COVID Vaccine Q & A
COVID Vaccine- The following information has been taken from the CDC website and current recommendations as of 3/5/2021.
What are the new guidelines for gatherings if I am vaccinated?
– People are considered fully vaccinated 2 weeks following their second dose of vaccine.
– Fully vaccinated individuals can refrain from quarantine and testing following a known exposure if they are asymptomatic. Individuals still need to monitor for symptoms 14 days after exposure and test if symptoms develop.
– Testing is recommended for anyone experiencing COVID symptoms even if they are fully vaccinated.
– Fully vaccinated people may gather indoors without masks for small gatherings (medium to large-sized gatherings and those including unvaccinated people from multiple households have increased risk of transmission. Social distancing and mask wearing should still be enforced)
– In public spaces, people are still advised to wear a mask and practice social distancing.
– Fully vaccinated grandparents can visit indoors with their unvaccinated healthy daughter/son and their healthy children without wearing masks provided none of the unvaccinated family members are at risk of severe COVID-19 (we would consider infants under the age of 2 months to be high risk).
What vaccines are currently available for my child?
– Pfizer >16 years. A recent study did show effectiveness and safety of vaccine for as young as 12 but not approved as of 4/1/2021.
– Moderna >18 years
– Janssen (Johnson & Johnson) > 18 years
What are the dosing intervals for the current approved vaccinations?
– 3 weeks for Pfizer, 1 month for Moderna. There is no second dose for Johnson & Johnson.
– There is a grace period of 4 days earlier than the recommended date if necessary.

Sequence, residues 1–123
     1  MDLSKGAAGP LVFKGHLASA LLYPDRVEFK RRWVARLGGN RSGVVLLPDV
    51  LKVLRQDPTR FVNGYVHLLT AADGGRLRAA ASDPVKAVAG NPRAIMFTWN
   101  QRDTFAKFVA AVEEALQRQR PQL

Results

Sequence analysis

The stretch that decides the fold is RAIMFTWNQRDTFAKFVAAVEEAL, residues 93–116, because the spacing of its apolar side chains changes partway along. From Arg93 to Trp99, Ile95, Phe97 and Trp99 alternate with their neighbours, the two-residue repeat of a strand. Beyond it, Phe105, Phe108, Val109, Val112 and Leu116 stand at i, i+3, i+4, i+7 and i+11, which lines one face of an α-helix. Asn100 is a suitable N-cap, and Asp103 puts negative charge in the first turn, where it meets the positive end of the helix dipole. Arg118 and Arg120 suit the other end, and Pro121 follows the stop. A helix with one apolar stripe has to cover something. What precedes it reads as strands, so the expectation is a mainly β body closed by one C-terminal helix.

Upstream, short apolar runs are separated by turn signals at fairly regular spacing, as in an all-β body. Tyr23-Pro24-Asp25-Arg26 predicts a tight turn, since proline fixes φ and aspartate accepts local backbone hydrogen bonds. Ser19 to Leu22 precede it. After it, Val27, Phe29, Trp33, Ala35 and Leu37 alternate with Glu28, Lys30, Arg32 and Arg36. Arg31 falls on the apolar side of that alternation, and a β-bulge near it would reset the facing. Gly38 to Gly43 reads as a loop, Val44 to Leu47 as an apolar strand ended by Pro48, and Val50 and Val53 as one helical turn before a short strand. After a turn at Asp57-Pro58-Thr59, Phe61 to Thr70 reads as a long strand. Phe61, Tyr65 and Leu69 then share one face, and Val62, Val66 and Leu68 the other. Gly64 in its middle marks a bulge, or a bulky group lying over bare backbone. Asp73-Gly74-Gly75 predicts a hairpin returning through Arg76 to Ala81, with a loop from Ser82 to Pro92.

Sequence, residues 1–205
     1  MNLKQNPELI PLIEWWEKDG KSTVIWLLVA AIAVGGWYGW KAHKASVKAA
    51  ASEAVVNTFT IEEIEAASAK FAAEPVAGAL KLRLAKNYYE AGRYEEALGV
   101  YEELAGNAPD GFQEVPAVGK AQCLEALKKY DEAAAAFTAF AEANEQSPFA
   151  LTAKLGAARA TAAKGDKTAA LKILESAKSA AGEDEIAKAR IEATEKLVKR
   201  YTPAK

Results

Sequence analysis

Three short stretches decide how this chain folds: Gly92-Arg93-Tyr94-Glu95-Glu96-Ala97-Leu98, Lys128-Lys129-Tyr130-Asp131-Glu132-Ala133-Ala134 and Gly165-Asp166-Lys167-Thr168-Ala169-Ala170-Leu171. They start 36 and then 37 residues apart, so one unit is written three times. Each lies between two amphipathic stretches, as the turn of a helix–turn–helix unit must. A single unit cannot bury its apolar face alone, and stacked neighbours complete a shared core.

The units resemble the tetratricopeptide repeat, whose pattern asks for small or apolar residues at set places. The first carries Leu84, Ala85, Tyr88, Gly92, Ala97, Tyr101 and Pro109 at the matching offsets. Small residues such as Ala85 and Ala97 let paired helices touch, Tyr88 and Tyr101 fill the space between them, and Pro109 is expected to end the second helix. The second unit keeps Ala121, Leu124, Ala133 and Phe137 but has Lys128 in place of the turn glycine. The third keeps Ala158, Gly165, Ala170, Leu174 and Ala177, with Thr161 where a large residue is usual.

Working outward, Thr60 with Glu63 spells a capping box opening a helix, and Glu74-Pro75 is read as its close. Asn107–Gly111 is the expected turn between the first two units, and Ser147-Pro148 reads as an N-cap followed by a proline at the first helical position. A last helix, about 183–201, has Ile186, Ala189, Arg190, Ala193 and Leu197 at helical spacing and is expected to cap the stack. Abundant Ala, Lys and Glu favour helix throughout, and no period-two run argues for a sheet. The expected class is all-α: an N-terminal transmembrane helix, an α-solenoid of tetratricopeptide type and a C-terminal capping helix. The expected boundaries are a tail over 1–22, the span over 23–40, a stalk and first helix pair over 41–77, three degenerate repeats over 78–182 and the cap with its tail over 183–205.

– The second vaccine may be administered up to 6 weeks after the first dose if unable to schedule on time.
Can I get the COVID vaccine with other vaccinations? How long should I wait following other vaccines?
– COVID vaccine should be administered alone with a minimum of 14 days before or after administration of any other vaccine.
What if I had a previous COVID infection or recently tested positive?
– COVID vaccines can be given safely to people with evidence of prior COVID infection.
– Vaccination of people with current COVID infection should be deferred until the person has recovered from acute illness.
What if I have another chronic medical condition?
– COVID vaccines are not live vaccines and can be given to immunocompromised people.
– Advised to complete COVID vaccine 2 weeks before starting immunosuppressive therapy.
– People with autoimmune conditions may receive the vaccine.
– People with a history of Guillain-Barre may receive the vaccine.
Who cannot get the vaccine? What allergies prevent me from getting the vaccine?
– Severe allergic reaction to the previous dose or components of the COVID vaccine
– People with egg, latex and gelatin allergies MAY receive the vaccine.
– People with delayed-onset local reaction (erythema, induration, pruritis) around the injection site after the first vaccine DO NOT have a contraindication to the second dose.
Can I give or take fever or pain reducing medication before or after the vaccine?
– Antipyretics or analgesic medication may be taken after for treatment of symptoms.
– Giving these medications prior to the vaccine is not recommended. We are unsure if this will impact the antibody response.
How does getting the vaccine effect further testing for COVID infection?
– Prior receipt of the COVID vaccine will not affect the results of COVID viral testing (antigen and PCR).
Can I breastfeed after getting the COVID vaccine?
– Because previous non-live vaccines pose no risk for lactation people and their infants, COVID vaccines are not thought to be a risk although data is limited.
– The Academy of Breastfeeding Medicine does not recommend cessation of breastfeeding when mothers are given the COVID vaccine.
– Antibodies and T-cells stimulated by the vaccine may passively transfer into milk and protect the infant from infection. With other vaccines, these antibodies are detectable in milk within 5-7 days.
Can I get the vaccine if I am pregnant?
– The data for pregnancy and the COVID vaccine is still limited but similar vaccines showed no adverse pregnancy-related outcomes.
– Based on current knowledge, we believe that COVID vaccines are unlikely to pose a risk to pregnant person or fetus.
– Pregnant individuals are encouraged to talk with their OB provider to determine if the vaccination is the right choice for them.
Will our office be offering the vaccine?
– At this time, we are not able to administer the COVID vaccine. As younger ages are approved, we will continue to reassess if it is feasible for our office to stock and administer.